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The People Have Spoken: Faroese People Want Equal Rights for Gays

This fall the Faroese Parliament faces a historic question: Should same-sex marriage be permitted and treated as equal under the law? Internationally, it is clear that the tide of public opinion is turning in favor of marriage equality. But, in order to understand if a change in policy is appropriate for the Faroe Islands, a couple of important questions much be addressed: 1) What is the will of the Faroese people? 2) What impacts might the legalization of same-sex marriage have on Faroese society?

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                      As a social scientist specializing in cross-cultural psychology, last summer I came to the Faroe Islands with the intention of exploring these questions. Based on media coverage, it appeared that people were closely divided on the topic of LGBT rights. But, because people with minority viewpoints are often overrepresented in the media, I was convinced that it was important to directly survey the Faroese people about their opinions on this matter.

                      To fulfill this goal, I created a questionnaire that I gave to hundreds of Faroese people, both online and in-person, including people from a diverse range of villages. Of particular importance is that, of the participants who expressed an opinion, the majority were in favor of the legalization of same-sex marriage in the Faroe Islands. (This finding was more recently replicated by the Faroese Gallup Poll – thereby confirming the reliability of my survey.) Additionally, most of the respondents in my survey did not believe that same-sex marriage is damaging to society. Finally, the majority of the participants disagreed with the idea that homosexuality is impure, ungodly, or against nature.  In light of the fact that some religious leaders have expressed concern over the morality of homosexuality, it is important to recognize that, however vocal these leaders are, they do not accurately represent the majority of Faroese opinions.

                      It is clear that the Faroese people, as a whole, support the legalization of same-sex marriage. However, some might argue that legislators have a greater obligation than simply representing the will of their constituents. They must also make decisions for the public good. With that in mind, we must explore the impact same-sex marriage has had on the societies where it is legalized.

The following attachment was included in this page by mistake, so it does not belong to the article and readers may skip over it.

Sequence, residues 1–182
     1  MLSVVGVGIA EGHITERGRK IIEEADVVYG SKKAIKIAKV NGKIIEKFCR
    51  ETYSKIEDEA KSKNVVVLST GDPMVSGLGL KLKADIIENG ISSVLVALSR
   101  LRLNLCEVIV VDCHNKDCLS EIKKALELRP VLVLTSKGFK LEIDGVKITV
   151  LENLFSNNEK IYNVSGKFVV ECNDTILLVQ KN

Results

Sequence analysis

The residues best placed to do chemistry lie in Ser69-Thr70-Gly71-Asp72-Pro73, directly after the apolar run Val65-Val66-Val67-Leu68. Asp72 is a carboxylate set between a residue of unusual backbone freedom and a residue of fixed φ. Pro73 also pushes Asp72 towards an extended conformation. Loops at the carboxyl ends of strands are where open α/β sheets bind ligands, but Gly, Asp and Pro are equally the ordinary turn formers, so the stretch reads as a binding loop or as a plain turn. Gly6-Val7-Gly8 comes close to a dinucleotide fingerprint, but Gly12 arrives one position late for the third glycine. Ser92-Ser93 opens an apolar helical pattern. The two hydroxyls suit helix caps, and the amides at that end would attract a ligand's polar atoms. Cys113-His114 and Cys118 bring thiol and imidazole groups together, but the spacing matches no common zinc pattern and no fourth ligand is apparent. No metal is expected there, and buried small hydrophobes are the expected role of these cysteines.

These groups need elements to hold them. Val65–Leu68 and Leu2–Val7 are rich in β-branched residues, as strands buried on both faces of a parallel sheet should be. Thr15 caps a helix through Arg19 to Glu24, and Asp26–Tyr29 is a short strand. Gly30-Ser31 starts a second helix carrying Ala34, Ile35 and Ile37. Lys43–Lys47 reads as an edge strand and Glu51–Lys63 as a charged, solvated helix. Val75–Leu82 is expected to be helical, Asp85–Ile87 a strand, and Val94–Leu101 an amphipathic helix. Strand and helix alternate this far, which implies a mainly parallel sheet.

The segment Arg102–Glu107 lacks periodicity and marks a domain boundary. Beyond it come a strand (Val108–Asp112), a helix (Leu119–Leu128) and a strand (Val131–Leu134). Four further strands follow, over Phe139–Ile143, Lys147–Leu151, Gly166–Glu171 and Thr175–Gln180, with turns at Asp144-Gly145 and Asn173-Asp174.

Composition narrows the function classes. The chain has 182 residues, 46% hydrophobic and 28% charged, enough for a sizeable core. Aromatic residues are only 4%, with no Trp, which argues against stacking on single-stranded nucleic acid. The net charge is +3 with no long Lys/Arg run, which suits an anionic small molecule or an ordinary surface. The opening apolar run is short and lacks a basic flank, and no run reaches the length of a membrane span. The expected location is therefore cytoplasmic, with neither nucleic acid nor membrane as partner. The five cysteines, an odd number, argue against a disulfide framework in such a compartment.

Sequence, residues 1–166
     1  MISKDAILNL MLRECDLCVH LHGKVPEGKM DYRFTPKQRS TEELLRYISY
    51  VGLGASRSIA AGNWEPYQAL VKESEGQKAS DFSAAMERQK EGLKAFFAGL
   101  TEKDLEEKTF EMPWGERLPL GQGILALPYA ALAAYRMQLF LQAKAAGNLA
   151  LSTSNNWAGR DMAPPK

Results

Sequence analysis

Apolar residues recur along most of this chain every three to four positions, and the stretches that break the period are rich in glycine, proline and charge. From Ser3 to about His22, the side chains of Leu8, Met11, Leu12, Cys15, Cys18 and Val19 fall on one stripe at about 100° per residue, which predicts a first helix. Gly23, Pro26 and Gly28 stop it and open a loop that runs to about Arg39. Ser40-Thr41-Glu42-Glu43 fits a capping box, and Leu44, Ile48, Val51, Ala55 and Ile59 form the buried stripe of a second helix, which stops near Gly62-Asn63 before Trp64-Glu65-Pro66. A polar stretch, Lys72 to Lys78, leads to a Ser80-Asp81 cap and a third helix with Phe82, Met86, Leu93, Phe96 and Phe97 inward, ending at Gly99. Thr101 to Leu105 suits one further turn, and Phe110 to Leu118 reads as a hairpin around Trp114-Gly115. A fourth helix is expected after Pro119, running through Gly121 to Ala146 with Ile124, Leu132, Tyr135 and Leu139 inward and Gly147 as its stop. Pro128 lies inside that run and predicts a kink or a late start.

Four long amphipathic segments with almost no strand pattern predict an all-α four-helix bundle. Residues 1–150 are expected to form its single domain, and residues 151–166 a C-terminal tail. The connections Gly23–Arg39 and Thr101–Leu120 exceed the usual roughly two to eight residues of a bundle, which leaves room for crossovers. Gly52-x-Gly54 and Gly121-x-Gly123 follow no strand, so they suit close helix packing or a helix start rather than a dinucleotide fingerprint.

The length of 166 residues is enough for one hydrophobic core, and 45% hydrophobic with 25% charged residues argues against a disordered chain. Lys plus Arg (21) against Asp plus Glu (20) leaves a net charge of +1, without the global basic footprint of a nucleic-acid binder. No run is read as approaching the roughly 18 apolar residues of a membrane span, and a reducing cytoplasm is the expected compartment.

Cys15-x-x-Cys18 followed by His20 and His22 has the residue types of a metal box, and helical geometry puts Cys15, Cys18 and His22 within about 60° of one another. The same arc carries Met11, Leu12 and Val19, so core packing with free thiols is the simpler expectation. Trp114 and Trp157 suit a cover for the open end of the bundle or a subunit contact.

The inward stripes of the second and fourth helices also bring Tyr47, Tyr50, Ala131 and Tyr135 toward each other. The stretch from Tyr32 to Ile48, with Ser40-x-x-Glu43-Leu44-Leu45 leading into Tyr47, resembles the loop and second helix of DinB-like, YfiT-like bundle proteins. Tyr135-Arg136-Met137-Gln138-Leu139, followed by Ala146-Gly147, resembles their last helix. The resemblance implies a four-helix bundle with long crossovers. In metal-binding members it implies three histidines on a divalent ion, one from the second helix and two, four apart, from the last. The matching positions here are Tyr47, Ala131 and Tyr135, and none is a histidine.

Many purport that same-sex marriage and civil unions in Western Europe have contributed to decreasing heterosexual marriage rates, increasing divorce rates, and an increase in the number of children born out of wedlock in those societies. However, in a meticulous analysis, economist M.V. Lee Badgett has clearly shown that all of these trends were well established long before nations such as Denmark and the Netherlands legalized same-sex unions.

My own research dovetails with that of Badgett. The Faroe Islands have experienced the same marital trends, such as decreasing marriage rates and high divorce rates, observed in other Scandinavian societies. In fact, in recent years as many as 50 percent of Faroese children have been born to unwed parents. This strongly suggests that some other variable is driving the trends that concern those opposed to same-sex marriage.

                      Let us return now to the opinions of the Faroese people. I have demonstrated that the majority of Faroese people are in favor of same-sex marriage, but that does not mean we should dismiss the opinions of the minority. However, I would argue that many of those who are opposed to same-sex marriage today will change their minds within the next few years. Social scientists have consistently shown that when people are exposed to diversity, they tend to become less fearful of and biased against other groups. In short, if you want to eliminate discrimination, give people a chance to get to know each other. Interestingly, the Faroese people who were opposed to marriage equality in my study also tended to say that they felt uncomfortable around LGBT individuals. This suggests that their objection to LGBT civil rights may simply be due a lack of experience with those who will be affected by these laws. It is possible that, with the growing acceptance of LGBT individuals in the Faroe Islands, fewer people will feel that they have to hide their sexual orientation. As a result, people who are uncomfortable with the idea of homosexuality today will soon recognize that many of the people they care about – their friends, colleagues, and family members – belong to this oppressed group. And thus, even for those who are currently opposed to same-sex unions, we should expect their attitudes to shift as their exposure to diversity grows.

                      With these facts in mind, I encourage the Faroese people to strongly voice their support for the legalization of same-sex marriage in the Faroe Islands. This legislation represents the will of the Faroese people – of today and tomorrow.

Dr. Mariah G Schug is a Visiting Assistant Professor in the Department of Psychology at WesleyanUniversity in Connecticut, USA. She specializes in cross-cultural psychology including the study of prejudice and intergroup attitudes.

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